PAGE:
If you own a swimming pool, you do your best to keep it immaculate, but that doesn’t mean the same rules apply elsewhere. Whether you’re swimming in a hotel pool or even using someone’s private pool, the same question will swirl through your mind. How often is the pool cleaned?
How often private and public pools are cleaned varies by the owner, but it should at least be weekly, if not daily. That’s the best way to limit the spread of bacteria that can linger in the water and cause illnesses to those who use the pool.
We’re sure you have more questions about private and public pool cleaning. That’s exactly what this article will explore. Ahead, we’ll check out CDC guidance on public pool cleaning and what hotel chains say about their policies. You won’t want to miss it!
How Often Are Private Pools Cleaned?
When we say private pools, we’re not referring to a homeowner’s pool in their backyard. In that case, how often they clean the pool is entirely at their discretion. Rather, we’re referring to apartment complexes, condos, and homeowner’s associations offering only a swimming pool for residents.
Hundreds of residents can live there depending on the size of the condominium or apartment complex. They might not all use the pool at once, but even if half do, that’s a huge turnout.
Although how often pool cleaning occurs is up to the homeowner’s association or the landlord, the rule of thumb is to clean the pool at least every day early in the morning before the pool opens to the public.
This doesn’t necessarily have to be deep-level cleaning. For example, the cleaning staff might save that until Mondays, as the weekends usually drive the highest turnout for pool use. After all, people are typically off from work on the weekends, so they can use the pool during hours unavailable to them during the week.
After weekend use, a deep clean and shock treatment will prepare the pool for the next week. This cleaning routine would then continue for the duration of the pool season.
How Often Do Hotels Clean Their Pools?
A hotel pool is sort of like a private pool in that it’s typically only guests of the hotel who use it, but it’s also somewhat public.
How often a hotel cleans its pool and facilities will vary. To show you the breadth of what a cleaning routine might look like, we found the cleaning policy of several hotel chains. Here’s what they have to say.
Best Western Hotels & Resorts
Best Western, in response to the COVID-19 pandemic, began a We Care Clean program that extends to the entirety of their hotels, from the breakfast bars to the public amenities, the front desk, and the hotels themselves.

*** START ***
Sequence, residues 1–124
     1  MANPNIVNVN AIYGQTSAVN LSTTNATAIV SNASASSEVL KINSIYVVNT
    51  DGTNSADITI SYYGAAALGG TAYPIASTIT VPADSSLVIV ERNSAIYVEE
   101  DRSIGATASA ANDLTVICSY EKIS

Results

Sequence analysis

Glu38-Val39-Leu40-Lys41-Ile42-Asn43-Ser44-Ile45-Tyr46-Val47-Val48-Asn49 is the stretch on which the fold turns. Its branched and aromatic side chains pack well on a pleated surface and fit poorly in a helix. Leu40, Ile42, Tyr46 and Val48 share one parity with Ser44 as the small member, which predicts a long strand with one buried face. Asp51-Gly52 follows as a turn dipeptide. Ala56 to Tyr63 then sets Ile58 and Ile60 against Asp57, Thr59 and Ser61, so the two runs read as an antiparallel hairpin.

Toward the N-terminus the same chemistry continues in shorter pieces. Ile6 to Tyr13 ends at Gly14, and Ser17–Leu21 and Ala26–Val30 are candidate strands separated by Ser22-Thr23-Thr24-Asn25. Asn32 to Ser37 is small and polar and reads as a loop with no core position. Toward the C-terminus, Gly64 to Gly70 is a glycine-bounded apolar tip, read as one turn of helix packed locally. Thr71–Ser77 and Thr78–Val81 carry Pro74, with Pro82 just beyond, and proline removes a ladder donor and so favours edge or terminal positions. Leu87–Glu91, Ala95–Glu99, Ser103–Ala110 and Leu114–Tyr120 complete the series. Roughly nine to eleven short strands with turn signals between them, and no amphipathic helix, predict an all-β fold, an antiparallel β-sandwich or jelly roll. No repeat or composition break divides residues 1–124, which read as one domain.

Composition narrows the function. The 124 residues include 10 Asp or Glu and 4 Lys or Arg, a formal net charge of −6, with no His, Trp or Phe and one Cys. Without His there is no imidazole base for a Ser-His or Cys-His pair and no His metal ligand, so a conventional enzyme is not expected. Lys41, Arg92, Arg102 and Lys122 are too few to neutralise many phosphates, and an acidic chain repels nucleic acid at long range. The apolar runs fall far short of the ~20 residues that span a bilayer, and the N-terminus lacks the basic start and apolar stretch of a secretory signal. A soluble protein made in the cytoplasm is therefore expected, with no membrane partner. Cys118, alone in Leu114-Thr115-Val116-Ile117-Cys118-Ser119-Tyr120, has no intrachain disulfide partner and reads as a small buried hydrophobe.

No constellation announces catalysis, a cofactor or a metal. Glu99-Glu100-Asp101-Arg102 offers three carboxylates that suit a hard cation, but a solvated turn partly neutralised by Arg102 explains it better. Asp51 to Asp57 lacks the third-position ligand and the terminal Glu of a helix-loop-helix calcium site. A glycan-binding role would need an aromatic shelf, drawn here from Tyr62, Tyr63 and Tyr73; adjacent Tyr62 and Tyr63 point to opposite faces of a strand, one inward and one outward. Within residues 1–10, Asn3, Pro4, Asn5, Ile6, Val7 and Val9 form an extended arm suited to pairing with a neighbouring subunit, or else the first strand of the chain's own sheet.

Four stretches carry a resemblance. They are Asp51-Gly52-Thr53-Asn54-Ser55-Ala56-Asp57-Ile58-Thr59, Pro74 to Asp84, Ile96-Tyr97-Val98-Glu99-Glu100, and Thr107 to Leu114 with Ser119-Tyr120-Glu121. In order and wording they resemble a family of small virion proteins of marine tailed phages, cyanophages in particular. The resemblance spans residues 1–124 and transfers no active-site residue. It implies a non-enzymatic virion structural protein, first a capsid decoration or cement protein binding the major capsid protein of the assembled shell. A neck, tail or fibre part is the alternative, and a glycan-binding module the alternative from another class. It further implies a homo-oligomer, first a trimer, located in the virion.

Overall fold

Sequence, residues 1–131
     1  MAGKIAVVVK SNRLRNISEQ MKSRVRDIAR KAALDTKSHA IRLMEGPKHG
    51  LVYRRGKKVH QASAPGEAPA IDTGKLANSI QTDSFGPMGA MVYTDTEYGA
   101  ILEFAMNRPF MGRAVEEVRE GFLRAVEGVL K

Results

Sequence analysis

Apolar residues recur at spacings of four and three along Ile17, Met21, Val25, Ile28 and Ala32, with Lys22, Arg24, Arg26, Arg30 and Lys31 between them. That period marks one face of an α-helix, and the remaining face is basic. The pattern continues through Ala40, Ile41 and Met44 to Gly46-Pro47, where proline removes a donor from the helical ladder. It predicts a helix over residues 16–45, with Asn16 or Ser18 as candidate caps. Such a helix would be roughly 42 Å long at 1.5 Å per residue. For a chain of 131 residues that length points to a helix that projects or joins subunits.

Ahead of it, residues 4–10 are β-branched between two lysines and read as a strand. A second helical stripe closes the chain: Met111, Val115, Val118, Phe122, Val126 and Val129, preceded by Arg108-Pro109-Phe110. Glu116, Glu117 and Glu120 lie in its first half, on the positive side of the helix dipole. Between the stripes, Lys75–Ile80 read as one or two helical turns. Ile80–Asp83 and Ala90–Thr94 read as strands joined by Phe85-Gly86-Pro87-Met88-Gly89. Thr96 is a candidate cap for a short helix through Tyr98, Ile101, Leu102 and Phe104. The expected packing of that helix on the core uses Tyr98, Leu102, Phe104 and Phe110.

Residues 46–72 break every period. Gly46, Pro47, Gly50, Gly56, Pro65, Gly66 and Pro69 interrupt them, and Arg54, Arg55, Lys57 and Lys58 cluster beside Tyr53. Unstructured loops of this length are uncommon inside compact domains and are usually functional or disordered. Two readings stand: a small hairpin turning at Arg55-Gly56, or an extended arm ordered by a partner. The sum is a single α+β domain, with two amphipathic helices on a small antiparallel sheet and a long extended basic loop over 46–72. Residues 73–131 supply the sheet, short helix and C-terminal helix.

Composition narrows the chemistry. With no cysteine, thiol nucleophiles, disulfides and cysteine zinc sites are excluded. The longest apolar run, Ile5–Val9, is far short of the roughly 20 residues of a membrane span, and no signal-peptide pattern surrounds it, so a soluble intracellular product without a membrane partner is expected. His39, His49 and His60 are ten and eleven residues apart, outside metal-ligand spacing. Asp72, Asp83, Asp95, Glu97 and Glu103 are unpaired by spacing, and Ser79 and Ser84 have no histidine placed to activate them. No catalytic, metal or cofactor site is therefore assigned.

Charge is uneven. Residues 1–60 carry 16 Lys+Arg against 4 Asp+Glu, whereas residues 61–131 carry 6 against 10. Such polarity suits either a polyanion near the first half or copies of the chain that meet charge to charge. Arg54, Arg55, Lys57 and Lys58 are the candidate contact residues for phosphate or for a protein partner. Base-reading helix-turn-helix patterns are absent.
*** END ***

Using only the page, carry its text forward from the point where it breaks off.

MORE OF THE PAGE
According to the, We Care Clean program: “When allowed to open, public amenities such as fitness centers, swimming pools, and meeting rooms will be cleaned on closely monitored schedules with disinfecting chemicals. Each evening, these areas may also be sanitized using electrostatic fogging, ozone generators, or ultraviolet devices.”
Similarly, Marriott International has a Marriott Cleanliness Council put into place as a reaction to the spreading COVID-19 pandemic. Although swimming pools aren’t mentioned specifically, here is their policy, which seems like it would encompass pools.
“In public spaces, the company has added to its already rigorous cleaning protocols, requiring that surfaces are treated with hospital-grade disinfectants and that this cleaning is done with increased frequency…These new enhanced cleaning technologies include electrostatic sprayers to sanitize surfaces throughout the hotel.”
Interestingly, hotels have remained rather tight-lipped about how often staff at their various countrywide or worldwide hotels clean their swimming pools. If not for the COVID-19 pandemic, we might have never gotten this closer look into a hotel’s swimming pool cleaning policy. Make of that what you will.
Who Cleans Public Pools and How Often?
Now it’s time to venture into the murkiest waters, public swimming pools. These seemingly uncharted waters are cleaned, so let’s see how often.
Who Cleans Public Pools?
First, who are the ones with the unenviable job of disinfecting and cleaning a public pool? That depends. The pool club owner themselves might clean the pool, but more than likely, they contract a team of professional pool cleaners to do it for them.
How Often Are Public Pools Cleaned?